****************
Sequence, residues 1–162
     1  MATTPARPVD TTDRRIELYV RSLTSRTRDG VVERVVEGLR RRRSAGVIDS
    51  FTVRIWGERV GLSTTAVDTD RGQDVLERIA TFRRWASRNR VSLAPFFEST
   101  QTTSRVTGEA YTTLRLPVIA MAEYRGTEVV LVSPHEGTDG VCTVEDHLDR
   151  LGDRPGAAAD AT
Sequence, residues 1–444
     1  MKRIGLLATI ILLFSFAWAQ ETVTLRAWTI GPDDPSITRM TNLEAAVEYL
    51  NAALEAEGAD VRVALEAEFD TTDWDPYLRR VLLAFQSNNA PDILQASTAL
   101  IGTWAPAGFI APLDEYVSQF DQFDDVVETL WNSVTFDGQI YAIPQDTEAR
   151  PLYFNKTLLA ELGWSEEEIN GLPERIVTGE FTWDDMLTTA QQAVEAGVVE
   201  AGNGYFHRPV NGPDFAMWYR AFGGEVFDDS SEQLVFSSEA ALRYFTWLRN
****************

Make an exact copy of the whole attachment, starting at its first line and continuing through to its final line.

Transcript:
Sequence, residues 1–162
     1  MATTPARPVD TTDRRIELYV RSLTSRTRDG VVERVVEGLR RRRSAGVIDS
    51  FTVRIWGERV GLSTTAVDTD RGQDVLERIA TFRRWASRNR VSLAPFFEST
   101  QTTSRVTGEA YTTLRLPVIA MAEYRGTEVV LVSPHEGTDG VCTVEDHLDR
   151  LGDRPGAAAD AT
Sequence, residues 1–444
     1  MKRIGLLATI ILLFSFAWAQ ETVTLRAWTI GPDDPSITRM TNLEAAVEYL
    51  NAALEAEGAD VRVALEAEFD TTDWDPYLRR VLLAFQSNNA PDILQASTAL
   101  IGTWAPAGFI APLDEYVSQF DQFDDVVETL WNSVTFDGQI YAIPQDTEAR
   151  PLYFNKTLLA ELGWSEEEIN GLPERIVTGE FTWDDMLTTA QQAVEAGVVE
   201  AGNGYFHRPV NGPDFAMWYR AFGGEVFDDS SEQLVFSSEA ALRYFTWLRN